9:54 am Jun. 12, 20121
Baseball's richest teams tend to attract great prospects. That's how it's always been.
The New York Yankees won the American League pennant virtually every year from 1947-1964, thanks in large part to their ability to stockpile prospects. The M.L.B. draft was essentially created in response to the Yankees, beginning in 1965. Free agency, which is what the Yankees are known for today, didn't come into being until the mid-1970s.
But even with the advent of the draft, teams like the Yankees were still able to game the system, drafting high-impact talent that other teams believed were too expensive in the later rounds, then signing them to top-round contracts. Other, smaller markets took advantage of this opportunity to add young talent, notably the Pittsburgh Pirates. And even the Mets, 50 years late to the party, began to do so in the 2011 draft.
The new collective bargaining agreement, however, made it harder for rich teams to game the system by paying higher-than-recommended salaries. Now, teams that do so lose draft picks.
That leaves the few prospects who aren't subject to baseball's draft, based on country of origin, as the one place teams can actually use their financial advantages to add talent.
Which brings us to Jorge Soler, a 20-year-old Cuban outfielder who is supposed to have excellent power and above-average speed.
The Yankees bid on Soler, as did many other teams, including the Phillies and the Red Sox.
But the Cubs, a well-to-do team run by Theo Epstein, a man who loves international free agency, ultimately won the bidding, which gave Soler a nine-year deal worth $30 million. Considering he'll be 29 at the end of the contract, the length of the agreement is probably a good thing for the team.
The reason presented to Joel Sherman by the Yankees for coming up short is another sign that the new collective bargaining agreement may be the strongest one yet in baseball's unending battle to level the playing field between the Yankees and everyone else. Essentially, the Yankees have strong financial incentives for getting payroll below $189 million. The Yankees already have three players signed for 2014—Mark Teixeira, Derek Jeter and Alex Rodriguez—and $73.5 million committed to them. None of the three are particularly likely to be productive by then, particularly Jeter and Rodriguez. Add in whatever it takes to retain Curtis Granderson and Robinson Cano long-term, and payroll becomes tight.
The Mets, meanwhile, didn't bid at all.
In Soler, the Mets would have been adding the kind of elite upside talent they specifically did not grab in this year's draft. Their top two picks, shortstop Gavin Cecchini and catcher Kevin Plawecki, both signed for below baseball's slot. Now, there's a reasonable argument for doing so—teams can take money not used on those picks and go over slot on later picks, and the Mets did so at least twice, with eighth-round catcher Tomas Nido and fourteenth-rounder Chris Flexen.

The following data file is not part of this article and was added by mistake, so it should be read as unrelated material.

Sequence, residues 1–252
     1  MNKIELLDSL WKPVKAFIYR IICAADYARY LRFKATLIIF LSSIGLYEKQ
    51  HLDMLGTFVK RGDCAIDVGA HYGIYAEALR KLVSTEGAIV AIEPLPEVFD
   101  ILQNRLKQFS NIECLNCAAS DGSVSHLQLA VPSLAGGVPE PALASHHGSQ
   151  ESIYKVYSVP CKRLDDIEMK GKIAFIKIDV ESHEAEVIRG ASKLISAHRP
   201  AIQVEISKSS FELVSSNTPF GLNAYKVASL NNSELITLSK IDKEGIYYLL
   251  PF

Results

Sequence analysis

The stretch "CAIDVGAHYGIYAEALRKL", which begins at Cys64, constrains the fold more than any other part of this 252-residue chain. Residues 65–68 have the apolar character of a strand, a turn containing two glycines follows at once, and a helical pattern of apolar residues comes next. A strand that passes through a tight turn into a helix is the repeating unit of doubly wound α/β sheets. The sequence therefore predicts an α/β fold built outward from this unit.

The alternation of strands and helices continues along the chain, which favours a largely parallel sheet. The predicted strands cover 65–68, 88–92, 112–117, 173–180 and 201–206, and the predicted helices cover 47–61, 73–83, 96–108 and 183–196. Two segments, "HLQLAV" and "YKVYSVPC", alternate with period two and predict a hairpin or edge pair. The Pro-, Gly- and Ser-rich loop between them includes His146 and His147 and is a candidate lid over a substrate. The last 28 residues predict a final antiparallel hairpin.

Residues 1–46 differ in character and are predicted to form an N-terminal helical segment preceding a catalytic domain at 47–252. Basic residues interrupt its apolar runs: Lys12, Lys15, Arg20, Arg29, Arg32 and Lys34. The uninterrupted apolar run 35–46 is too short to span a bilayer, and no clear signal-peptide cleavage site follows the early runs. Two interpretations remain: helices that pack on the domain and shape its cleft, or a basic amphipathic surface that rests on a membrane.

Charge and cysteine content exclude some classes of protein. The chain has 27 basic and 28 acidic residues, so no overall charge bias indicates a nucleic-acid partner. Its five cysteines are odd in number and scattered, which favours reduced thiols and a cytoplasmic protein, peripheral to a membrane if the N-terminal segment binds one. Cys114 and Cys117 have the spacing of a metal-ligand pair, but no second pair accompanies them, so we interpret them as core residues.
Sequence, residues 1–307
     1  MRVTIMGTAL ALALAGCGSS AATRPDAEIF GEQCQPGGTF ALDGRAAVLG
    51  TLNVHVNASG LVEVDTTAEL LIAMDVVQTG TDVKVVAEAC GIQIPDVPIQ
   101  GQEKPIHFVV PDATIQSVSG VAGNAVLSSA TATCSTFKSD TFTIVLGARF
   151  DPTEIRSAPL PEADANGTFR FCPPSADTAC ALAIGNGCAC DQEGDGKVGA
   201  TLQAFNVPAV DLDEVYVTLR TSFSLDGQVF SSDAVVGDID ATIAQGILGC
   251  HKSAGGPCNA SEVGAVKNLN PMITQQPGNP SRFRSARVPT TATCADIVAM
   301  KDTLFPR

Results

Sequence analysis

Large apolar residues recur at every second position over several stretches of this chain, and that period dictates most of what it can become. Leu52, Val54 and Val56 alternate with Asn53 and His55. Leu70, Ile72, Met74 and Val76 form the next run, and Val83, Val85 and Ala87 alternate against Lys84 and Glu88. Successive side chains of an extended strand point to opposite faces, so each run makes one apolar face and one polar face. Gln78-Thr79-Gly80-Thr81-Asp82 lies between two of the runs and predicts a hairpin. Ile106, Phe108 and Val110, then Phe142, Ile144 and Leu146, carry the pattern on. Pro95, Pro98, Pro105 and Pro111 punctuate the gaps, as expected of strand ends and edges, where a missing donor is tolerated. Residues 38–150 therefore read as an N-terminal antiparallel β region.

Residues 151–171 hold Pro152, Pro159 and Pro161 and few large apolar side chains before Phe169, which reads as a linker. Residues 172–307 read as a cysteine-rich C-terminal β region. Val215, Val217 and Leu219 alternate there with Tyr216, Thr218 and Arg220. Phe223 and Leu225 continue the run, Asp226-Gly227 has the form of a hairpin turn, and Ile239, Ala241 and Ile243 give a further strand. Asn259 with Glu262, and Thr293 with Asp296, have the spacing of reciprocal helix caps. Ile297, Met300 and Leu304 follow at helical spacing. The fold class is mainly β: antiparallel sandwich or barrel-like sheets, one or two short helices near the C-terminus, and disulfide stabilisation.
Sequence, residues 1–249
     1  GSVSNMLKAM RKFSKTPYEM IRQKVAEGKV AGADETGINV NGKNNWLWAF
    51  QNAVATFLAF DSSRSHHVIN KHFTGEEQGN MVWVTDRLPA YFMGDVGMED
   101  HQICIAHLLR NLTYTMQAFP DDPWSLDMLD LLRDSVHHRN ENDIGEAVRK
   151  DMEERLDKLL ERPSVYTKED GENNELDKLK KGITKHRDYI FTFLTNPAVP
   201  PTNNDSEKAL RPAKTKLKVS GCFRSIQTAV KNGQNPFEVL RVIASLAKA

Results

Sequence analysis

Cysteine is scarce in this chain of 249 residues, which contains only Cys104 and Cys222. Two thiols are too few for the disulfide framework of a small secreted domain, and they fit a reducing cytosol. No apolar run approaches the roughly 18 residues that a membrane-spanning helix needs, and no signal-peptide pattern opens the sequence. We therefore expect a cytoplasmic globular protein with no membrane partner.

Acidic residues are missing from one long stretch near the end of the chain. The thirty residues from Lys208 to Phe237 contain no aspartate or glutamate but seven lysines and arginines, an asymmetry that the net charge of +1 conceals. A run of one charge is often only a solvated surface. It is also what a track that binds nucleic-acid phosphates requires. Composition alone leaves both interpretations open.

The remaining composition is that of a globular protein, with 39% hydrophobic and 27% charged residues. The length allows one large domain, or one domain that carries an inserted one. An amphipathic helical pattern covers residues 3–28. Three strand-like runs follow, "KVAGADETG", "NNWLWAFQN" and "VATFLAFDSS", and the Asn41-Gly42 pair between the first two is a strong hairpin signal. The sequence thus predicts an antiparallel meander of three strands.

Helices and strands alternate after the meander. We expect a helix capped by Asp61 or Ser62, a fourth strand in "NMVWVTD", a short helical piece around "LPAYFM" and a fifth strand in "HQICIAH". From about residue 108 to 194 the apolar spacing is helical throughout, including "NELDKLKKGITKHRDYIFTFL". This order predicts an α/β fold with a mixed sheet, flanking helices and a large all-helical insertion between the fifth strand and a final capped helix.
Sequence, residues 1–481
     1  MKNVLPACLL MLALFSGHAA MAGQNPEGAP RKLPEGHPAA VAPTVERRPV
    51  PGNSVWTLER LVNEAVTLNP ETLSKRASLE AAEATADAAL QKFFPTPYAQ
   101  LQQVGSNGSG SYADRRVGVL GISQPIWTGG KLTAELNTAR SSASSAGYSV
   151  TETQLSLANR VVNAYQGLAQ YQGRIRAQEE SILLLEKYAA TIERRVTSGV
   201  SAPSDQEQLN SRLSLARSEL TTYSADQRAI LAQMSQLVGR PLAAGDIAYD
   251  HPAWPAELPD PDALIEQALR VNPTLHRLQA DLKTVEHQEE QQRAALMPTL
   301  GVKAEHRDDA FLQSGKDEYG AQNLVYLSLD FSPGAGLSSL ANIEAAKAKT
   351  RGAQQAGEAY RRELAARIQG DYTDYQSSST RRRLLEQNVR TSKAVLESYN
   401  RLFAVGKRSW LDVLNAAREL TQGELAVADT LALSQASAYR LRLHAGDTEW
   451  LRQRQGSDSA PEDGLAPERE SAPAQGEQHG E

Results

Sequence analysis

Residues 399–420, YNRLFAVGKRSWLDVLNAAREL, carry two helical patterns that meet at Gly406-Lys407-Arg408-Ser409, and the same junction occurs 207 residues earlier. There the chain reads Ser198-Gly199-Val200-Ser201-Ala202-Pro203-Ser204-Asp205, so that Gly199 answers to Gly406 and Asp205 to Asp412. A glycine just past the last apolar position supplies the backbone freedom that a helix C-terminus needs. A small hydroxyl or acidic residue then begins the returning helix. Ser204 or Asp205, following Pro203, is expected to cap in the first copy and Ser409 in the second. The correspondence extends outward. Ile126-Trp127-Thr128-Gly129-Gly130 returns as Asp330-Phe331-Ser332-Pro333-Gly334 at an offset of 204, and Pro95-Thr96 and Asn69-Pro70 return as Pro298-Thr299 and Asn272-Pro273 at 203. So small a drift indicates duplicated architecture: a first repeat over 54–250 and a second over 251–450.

But the flip side of Sandy Alderson's perfectly reasonable stance on second-generation free agent contracts wasn't that teams should be spending less money, period, or simply as much as other teams in the draft. It was that such resources should go toward players approaching or in their primes, not players exiting or past their primes.
Yet the Mets didn't even bother trying for a player who would have cost them an average of less than $4 million per year—Jon Rauch money—and provides skills that are essentially unmatched by anyone, from the major league team on down, in the organization.
Maybe Alderson's baseball operations team didn't like Soler. Or more likely, the money still isn't around for them to bother with things like adding the kind of talent they'll need to supplement those players they already had on hand.
Remember, spending money and developing your farm system aren't actually mutually exclusive paths, just because the Mets did just the former under Omar Minaya just the latter under Sandy Alderson. Their circumstances have changed. And every time a Jorge Soler comes by, the Mets are paying by not paying for him.
Elsewhere in New York sports:
The Mets look to rebound from a stretch losing six of seven, taking on a Tampa Bay Rays team Tuesday night that just swept the Marlins. Chris Young will make his second start of the season. Meanwhile, the team has the worst bullpen in the major leagues, but Sandy Alderson doesn't believe the Mets should be trading prospects for bullpen help—a strategy that makes sense, even if the Mets stay in the race, due to the high cost in talent and the relatively thin farm system he's still building up.
The Yankees moved into a tie for first place in the American League East by beating Atlanta, 3-0. Fortunately for the Yankees, neither Hiroki Kuroda nor Andy Pettitte will miss a rotation turn after getting hit with a pair of comebackers this weekend.
The Los Angeles Kings captured the Stanley Cup with a 6-1 win over the New Jersey Devils.
The U.S. national team continues qualifying for the 2014 World Cup with a difficult task Tuesday night: a match in Guatemala. Euro 2012 also continues Tuesday, with Greece facing the Czech Republic, and Russia facing Poland. On Monday, England tied France 1-1 and Ukraine beat Sweden 2-1.
The Red Storm landed 6'9" shotblocker Chris Obekpa, adding a dimension missing from last season's team.